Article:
What follows is a typical example of embellishment techniques used by the artist and the process it goes through in stages >PRINTING (see top image)
Professional pigmented inks are used in a giclee printer to print the image that has either been scanned from an original painting or, if the painting has been sold, from an archived image on CD or from a large format transparency of the work.
ON WOOD PANEL
After printing, the print is mounted on MDF framer’s panel (below). It is then cut by hand with a craft knife to ensure accurate size wanted. It is then turned over and guillotined to give a slight extra clearance for insertion into a frame.
Framer's MDF panel is used because it can easily be cut with a craft knife and guillotined and so ensures the edges of the print when glued to the panel are flush and neat and tidy. It also facilitates placement into a picture frame since that is precisely what it is manufactured for. It is also lightweight so is useful when the picture is hung on the wall which reduces the risk of excess frame weight pulling on a picture pin and falling from the wall.
To enable the application of both oil based and acrylic paints and especially allow smooth glazing, the print is very lightly hand painted with an acrylic coating specially prepared by the artist to be very thinly spread across the print to seal the ink and paper surface. This coating then allows the application of paint either in water-based or oil based forms, offering the artist the flexibility to match the embellishment to the original oil or acrylic techniques used in the original painting. Essentially, it is the exact same technique that the artist uses in the original art itself.
WITH (RARE) PIGMENTS
All manner of pigments can be used but always, without deviation, they are of the purest quality obtainable and where the imagery suggests it would be appropriate rare and expensive pigments are incorporated, such as >
what it says, real gold powder, and mixed by the artist into a binder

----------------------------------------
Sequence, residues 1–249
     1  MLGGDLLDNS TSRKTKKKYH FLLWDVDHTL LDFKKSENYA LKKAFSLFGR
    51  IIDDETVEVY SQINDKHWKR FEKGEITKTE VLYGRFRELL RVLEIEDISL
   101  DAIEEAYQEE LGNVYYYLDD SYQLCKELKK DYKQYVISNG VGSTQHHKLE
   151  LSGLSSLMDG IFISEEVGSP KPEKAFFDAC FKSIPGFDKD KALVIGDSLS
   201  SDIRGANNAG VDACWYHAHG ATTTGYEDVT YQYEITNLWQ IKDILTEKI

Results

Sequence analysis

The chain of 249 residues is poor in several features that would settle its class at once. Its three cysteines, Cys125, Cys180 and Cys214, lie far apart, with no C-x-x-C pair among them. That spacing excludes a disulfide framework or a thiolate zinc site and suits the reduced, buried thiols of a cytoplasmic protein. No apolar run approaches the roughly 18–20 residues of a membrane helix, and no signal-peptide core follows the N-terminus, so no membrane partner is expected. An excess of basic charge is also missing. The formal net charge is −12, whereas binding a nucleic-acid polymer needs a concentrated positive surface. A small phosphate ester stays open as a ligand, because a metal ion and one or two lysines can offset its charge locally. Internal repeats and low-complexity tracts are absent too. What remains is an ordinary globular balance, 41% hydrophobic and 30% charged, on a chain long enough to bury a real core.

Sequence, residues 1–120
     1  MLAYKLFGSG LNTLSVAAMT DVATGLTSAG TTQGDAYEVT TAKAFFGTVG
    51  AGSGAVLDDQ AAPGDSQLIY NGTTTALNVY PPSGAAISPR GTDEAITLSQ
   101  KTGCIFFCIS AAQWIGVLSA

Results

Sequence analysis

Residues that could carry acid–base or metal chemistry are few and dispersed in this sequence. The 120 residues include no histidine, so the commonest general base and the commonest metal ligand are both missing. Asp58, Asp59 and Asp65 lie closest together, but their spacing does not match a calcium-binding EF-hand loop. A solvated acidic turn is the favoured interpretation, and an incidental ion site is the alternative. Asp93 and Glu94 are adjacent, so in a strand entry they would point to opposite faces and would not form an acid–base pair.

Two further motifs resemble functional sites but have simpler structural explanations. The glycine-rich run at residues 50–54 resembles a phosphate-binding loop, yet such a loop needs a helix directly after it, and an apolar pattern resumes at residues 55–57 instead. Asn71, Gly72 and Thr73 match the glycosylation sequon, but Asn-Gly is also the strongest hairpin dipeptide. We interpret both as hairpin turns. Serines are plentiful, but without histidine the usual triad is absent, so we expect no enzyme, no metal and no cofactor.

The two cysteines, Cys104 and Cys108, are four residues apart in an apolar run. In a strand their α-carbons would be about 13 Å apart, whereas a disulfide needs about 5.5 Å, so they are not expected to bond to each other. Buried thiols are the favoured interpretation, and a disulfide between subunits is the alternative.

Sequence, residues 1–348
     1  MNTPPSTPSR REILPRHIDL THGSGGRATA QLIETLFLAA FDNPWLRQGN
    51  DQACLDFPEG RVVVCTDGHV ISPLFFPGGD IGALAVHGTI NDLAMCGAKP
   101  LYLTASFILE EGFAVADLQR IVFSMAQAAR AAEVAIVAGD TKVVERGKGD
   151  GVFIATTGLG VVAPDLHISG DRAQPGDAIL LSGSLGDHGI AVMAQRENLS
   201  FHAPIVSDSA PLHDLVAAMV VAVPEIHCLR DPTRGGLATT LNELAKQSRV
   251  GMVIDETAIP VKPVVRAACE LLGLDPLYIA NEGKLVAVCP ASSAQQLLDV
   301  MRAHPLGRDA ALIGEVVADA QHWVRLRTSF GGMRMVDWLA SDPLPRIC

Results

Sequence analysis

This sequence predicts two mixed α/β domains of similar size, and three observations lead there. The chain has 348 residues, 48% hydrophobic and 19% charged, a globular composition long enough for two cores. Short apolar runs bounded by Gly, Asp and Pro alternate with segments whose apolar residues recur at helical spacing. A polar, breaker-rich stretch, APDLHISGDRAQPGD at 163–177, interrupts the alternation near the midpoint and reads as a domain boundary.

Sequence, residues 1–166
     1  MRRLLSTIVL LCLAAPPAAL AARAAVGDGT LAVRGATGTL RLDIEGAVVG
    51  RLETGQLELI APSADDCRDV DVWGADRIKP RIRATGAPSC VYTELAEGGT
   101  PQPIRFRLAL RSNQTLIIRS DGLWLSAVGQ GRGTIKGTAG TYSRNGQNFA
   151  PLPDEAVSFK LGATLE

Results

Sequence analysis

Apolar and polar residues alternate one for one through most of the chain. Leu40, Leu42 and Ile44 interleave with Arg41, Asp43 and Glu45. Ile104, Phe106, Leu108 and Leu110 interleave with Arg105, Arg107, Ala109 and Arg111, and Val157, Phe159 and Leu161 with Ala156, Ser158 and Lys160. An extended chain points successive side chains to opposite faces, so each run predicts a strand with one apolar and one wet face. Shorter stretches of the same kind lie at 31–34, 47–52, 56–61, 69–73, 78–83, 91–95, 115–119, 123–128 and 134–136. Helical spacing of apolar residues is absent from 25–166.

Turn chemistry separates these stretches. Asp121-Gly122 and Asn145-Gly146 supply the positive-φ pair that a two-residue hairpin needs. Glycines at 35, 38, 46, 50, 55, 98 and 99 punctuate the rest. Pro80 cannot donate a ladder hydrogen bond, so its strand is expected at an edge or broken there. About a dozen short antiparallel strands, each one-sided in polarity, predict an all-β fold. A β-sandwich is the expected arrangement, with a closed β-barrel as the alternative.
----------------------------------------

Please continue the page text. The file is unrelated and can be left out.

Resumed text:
to fix it to the surface of the print. Due to its expense it is
typically used to highlight small specific or decorative elements in a
painting where the image suggests such addition would be appropriate.
An art in itself, and all the above techniques can be applied to greater or lesser extent as dictated by personal preference, by the subject matter of the image, the area in which the final work may hang and any other consideration the purchaser considers suitable.
Since the late 1970s the artist has used Liquitex Gloss, Matt, or Satin finished varnishes to finish-off the final presentation.
There are many ways in which the final varnish can be applied, the actual choice typically suggested by the way in which the original painting was created, which varied from time to time over the many years the artist has been working.
It may be applied with a soft brush and more, or less, brushwork can be shown if the picture suggests this should be the case, mainly in terms of its subject matter if more recent. If on the other hand the print if of a painting done many years earlier, perhaps as far back as the 1970s, then the finish applied is usually sprayed on to emulate the way in which the artist delivered his paintings to publishers, usually coated with a now long defunct spray lacquer called Frisklac and so a modern Liguitex spray varnish is used which approximates and in fact is a better option than the original Frisklac in that it is a professional artist's varnish rather than a lacquer.
Like his paintings in the 1970s through to late 1990s prints of works of that era are presented in a matt finish as they were then to enable the publisher's photographer at that time to photograph the paintings for reproduction, the matt finish being effected to avoid glare and hotspots on the final transparency. In the same vein, the prints of works of that era are finished matt to avoid refection from domestic room lighting.
In the case of more contemporary works the matt effect is produced by vigorous brush work to emulate the effect f presentation in an art gallery.
A printed certificate of authenticity (usually mounted on the back of the print but sometimes by preference in a separate smaller accompanying frame) details the title, edition length (never more than 250) and date of hand embellishment. It too, as with the print itself, has the artist's signature on it.
The whole embellishment process is designed to turn each individual print in a print run into a piece in it's own right and although part of an edition is unique since each print differs simply because each is treated to individual personal attention during the embellishment process.
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